By 2018, 3D printing will result in the loss of at least US$100-billion per year in intellectual property globally, according to Analyst group Gartner.
Gartner says it is likely at least one major western manufacturer will claim to have had intellectual property (IP) stolen for a mainstream product by thieves using 3D printers who will likely reside in those same western markets rather than in Asia by 2015.
“The plummeting costs of 3D printers, scanners and 3D modelling technology, combined with improving capabilities, makes the technology for IP theft more accessible to would-be criminals,” says Gartner. “Importantly, 3D printers do not have to produce a finished good in order to enable IP theft. The ability to make a wax mould from a scanned object, for instance, can enable the thief to produce large quantities of items that exactly replicate the original.”
The prediction is one of 10 ‘Top Predictions for 2014’ made by Gartner at Gartner Symposium/ITxpo 2013 October 6-10, held in Orlando Florida and moving on to Australia’s Gold Coast next week. According to Gartner, we are in the beginnings of a “Digital Industrial Revolution” that threatens to reshape how physical goods are created and 3D printing is at the heart of it.
Worldwide shipments of 3D printers are expected to grow 75 percent in 2014 followed by a near doubling of unit shipments in 2015, says Gartner earlier in their report. While very expensive “additive manufacturing” devices have been around for 20 years, the market for devices ranging from $50,000 to $500, and with commensurate material and build capabilities, is nascent yet growing rapidly. The consumer market hype has made organizations aware of the fact 3D printing is a real, viable and cost-effective means to reduce costs through improved designs, streamlined prototyping and short-run manufacturing.
“Gartner’s 2013 CEO survey suggests CEOs feel that business uncertainties are declining and yet, CIOs awake each day into a world of technology uncertainty and change,” said Daryl Plummer, managing vice president and distinguished analyst at Gartner. “The savvy CIO will get his or her CEO to recognize the change being brought about by disruptive shifts is coming at an accelerated pace and at a global level of impact.”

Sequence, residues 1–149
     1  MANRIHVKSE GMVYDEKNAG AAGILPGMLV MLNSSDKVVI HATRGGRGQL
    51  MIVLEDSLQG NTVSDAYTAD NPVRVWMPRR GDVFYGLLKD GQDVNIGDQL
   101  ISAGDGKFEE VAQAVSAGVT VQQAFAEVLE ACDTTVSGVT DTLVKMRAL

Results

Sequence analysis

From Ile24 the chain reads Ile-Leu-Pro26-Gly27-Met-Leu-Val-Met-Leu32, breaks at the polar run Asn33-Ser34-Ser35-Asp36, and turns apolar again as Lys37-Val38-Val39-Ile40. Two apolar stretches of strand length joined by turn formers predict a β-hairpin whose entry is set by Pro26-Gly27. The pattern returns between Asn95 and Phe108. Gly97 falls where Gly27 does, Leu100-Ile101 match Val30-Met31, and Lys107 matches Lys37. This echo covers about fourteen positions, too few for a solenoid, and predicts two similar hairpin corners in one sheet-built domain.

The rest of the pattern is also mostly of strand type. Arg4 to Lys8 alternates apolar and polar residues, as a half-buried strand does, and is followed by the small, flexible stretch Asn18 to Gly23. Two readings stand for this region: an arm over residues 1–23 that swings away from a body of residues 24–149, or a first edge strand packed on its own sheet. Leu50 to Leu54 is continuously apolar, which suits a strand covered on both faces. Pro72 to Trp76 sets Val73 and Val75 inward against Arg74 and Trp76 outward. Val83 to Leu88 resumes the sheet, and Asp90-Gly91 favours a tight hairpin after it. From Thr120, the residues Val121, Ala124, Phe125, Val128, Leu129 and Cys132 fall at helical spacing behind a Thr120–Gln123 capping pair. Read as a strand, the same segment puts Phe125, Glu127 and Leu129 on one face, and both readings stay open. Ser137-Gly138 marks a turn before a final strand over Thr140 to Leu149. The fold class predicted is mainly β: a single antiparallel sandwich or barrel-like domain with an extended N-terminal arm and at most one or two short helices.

Gartner’s other predictions:
By 2016, 3D printing of tissues and organs (bioprinting) will cause a global debate about regulating the technology or banning it for both human and nonhuman use. Near Term Flag: The U.S. Food and Drug Administration or comparable agency in a developed nation that is charged with evaluating all medical proposals will introduce guidelines that prohibit the bioprinting of life-saving 3D printed organs and tissues without its prior approval by end of 2015.
Bioprinting is the medical application of 3D printers to produce living tissue and organs. The day when 3D bioprinted human organs are readily available is drawing closer. The emergence of 3D bioprinting facilities with the ability to print human organs can leave people wondering what the effect of it will be on society. Beyond these questions, however, there is the reality of what 3D bioprinting means in helping people who need organs that are otherwise not readily available.
Gartner believes by 2017, more than half of consumer goods manufacturers will receive 75 percent of their consumer innovation and R&D capabilities from crowdsourced solutions. Near Term Flag: Consumer goods companies that employ crowdsourced solutions in marketing campaigns or new product development will enjoy a 1 percent revenue boost over noncrowdsourced competitors by 2015.
Engineers, scientists, IT professionals and marketers at consumer goods companies are engaging crowds much more aggressively and with increasing frequency using digital channels to reach a larger and more anonymous pool of intellect and opinion. Gartner sees a massive shift toward applications of crowdsourcing, enabled by technology, such as: advertising, online communities, scientific problem solving, internal new product ideas, and consumer-created products.
The report also says that there’s likely to be more social unrest and a quest for new economic models in several mature economies due to loss of jobs, caused by digitisation.
Digitisation means that a lot less labour is required to deliver goods and services. According to Gartner, this is fundamentally changing the way we pay for work. Long term, the research house says, this makes it impossible for increasingly large groups to participate in the traditional economic system — even at lower prices.
This, it says, will lead to more and more people using alternatives such as bartering, urging a return to protectionism or resurrecting initiatives like Occupy Wall Street, but on a much larger scale.
Mature economies will suffer most as they don’t have the population growth to increase demand nor powerful enough labour unions or political parties to (re-)allocate gains in what continues to be a global economy.
Posted in 3D Printing Technology
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